The Lobkowicz family is among the oldest and most distinguished Bohemian noble families and has played a prominent role in Central European history for over six hundred years. Successive generations have held the highest of noble titles, including Princes of the Holy Roman Empire, High Chancellors of Bohemia, Dukes of Sagan and of Roudnice, and Knights of the Order of the Golden Fleece. On a scale unimaginable today, they commissioned magnificent architectural projects and ground-breaking music and collected paintings, manuscripts, books, musical instruments and decorative arts that enhanced their numerous residences and increased their prestige in the courts and circles in which they moved and exerted power.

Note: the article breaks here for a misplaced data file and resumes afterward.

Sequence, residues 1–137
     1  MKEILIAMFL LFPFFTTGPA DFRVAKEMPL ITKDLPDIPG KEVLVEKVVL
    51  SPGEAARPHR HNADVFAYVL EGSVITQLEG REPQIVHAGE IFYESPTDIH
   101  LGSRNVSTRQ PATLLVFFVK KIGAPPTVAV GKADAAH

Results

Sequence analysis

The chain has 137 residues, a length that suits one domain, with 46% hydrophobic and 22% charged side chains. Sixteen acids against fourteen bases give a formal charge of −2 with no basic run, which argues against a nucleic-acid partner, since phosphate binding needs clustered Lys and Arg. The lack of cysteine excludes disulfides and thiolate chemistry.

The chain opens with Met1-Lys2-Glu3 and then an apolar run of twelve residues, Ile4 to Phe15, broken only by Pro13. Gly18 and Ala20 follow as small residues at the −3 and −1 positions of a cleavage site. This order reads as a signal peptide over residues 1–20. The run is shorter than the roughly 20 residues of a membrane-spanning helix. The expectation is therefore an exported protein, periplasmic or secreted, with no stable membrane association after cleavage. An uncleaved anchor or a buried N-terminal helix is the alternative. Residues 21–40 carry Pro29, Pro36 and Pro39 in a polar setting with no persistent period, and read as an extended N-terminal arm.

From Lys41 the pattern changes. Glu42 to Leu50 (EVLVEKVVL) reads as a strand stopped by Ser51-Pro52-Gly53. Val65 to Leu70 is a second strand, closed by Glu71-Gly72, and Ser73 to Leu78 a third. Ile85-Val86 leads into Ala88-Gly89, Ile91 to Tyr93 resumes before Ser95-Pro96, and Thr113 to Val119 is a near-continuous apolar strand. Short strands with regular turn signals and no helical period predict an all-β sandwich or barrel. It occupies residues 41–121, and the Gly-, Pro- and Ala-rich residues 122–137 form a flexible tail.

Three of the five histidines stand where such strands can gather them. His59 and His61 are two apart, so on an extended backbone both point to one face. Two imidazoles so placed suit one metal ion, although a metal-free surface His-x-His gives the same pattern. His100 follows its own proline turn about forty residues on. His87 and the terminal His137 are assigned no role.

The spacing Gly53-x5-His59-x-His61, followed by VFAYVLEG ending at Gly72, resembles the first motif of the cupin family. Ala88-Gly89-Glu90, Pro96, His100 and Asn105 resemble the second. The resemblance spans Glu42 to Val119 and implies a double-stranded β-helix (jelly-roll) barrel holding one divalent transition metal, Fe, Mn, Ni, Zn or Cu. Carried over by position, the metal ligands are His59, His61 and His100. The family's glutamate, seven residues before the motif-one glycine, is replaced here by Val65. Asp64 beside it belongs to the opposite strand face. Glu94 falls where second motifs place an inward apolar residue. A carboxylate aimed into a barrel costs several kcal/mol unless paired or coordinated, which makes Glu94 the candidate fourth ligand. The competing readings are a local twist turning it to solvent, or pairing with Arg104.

Early in the 17th century, prior to the start of the Thirty Years’ War, the Lobkowicz family began to assert its role in the Catholic inner circle of the Habsburg court. Zdeněk Vojtěch, 1st Prince Lobkowicz (1568–1628), served as Chancellor to Emperors Rudolf II, Mathias and Ferdinand II. Through the marriage of Zdeněk Vojtěch to Polyxena Pernštejn, numerous properties (including Lobkowicz Palace and Roudnice Castle), important Spanish portraits and books, and great political influence came into the Lobkowicz family. The crucial Catholic victory at the Battle of White Mountain in 1620 solidified the family’s fortunes and enabled the purchase of Nelahozeves Castle in 1623.